Basic RV Wiring Question

Assuming a 5th wheel with a built in converter/charger and an added generator, if I install an inverter or inverter charger and wish to run the 110 volt outlets in the rig from the inverter when shore or generator power isn't available, how would that be accomplished? Same question for the microwave (I realize I'd be limited to short bursts, but that might be enough to reheat my coffee.)

Similarly, in setting up the above scenario, how would I prevent the air conditioning (or other specific loads) from drawing on the inverter output?

Am I looking at adding transfer switches or subpanels?

Thanks.

Comments

  • BB.BB. Posts: 27,686Super Moderators admin
    More or less--Your loads you want to run from an AC inverter + Battery bank should go to a separate sub-panel. All of your "off grid" loads should go there.

    If you want to power those loads directly from Grid and/or Genset, then yes, one or more AC transfer switches are in the mix.

    There are AC inverters that can have two inputs (AC1 and AC2--AC1 for grid power, and AC2 for generator power)... These AC inverters tend to be large wattage, more complex, include an AC to DC battery charger, and can be pretty programmable... But may be outside your budget or simply "too big" to be practical for smaller loads (running a microwave does tend towards the "medium sized" inverter.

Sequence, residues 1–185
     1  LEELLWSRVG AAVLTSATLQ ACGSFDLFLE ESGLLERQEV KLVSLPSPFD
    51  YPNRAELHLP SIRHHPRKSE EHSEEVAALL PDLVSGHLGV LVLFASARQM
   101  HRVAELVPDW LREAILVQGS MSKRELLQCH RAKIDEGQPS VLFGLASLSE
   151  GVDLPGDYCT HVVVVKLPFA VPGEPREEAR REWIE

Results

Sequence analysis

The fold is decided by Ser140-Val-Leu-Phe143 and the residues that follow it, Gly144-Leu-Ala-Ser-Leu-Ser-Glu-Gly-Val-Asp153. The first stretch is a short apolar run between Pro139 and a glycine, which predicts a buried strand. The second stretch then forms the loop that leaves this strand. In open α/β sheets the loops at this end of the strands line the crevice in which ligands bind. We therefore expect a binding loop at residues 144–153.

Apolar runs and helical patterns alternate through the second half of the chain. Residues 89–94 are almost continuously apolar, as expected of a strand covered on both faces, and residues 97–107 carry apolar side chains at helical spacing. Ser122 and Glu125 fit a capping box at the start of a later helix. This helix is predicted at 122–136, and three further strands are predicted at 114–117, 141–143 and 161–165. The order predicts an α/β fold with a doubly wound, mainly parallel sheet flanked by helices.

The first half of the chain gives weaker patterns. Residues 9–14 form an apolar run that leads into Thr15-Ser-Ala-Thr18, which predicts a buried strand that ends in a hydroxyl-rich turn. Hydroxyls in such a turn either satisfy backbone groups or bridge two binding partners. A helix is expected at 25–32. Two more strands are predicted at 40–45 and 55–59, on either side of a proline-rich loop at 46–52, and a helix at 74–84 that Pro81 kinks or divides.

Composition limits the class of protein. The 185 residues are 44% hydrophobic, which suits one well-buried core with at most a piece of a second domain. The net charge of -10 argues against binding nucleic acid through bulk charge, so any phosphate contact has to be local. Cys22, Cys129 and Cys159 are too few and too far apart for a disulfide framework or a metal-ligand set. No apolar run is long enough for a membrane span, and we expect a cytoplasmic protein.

There are some pretty simple "relay based" AC transfer switches that can make some of this not to expensive to add this type of functionality:

    http://www.solar-electric.com/installation-parts-and-equipment/electrical-devices-transfer-switches-noise-filters/autrswandgea.html

    -Bill

    Near San Francisco California: 3.5kWatt Grid Tied Solar power system+small backup genset
  • ShadowcatcherShadowcatcher Posts: 228Solar Expert ✭✭✭
    I did it with a DPDT switch that intercepts shore power to the converter and provides 120 AC from the inverter to the circuit breaker in the power center.
  • RussOnTheRoadRussOnTheRoad Posts: 14Registered Users ✭✭
    Thanks, Bill.

    I think I've seen an inverter/charger with dual AC inputs in the 2000 watt pure sine wave class which is the wattage I'm thinking about.

    It's clear I have  lot of research to do before I have a clear picture of all the pieces and how they will work together.
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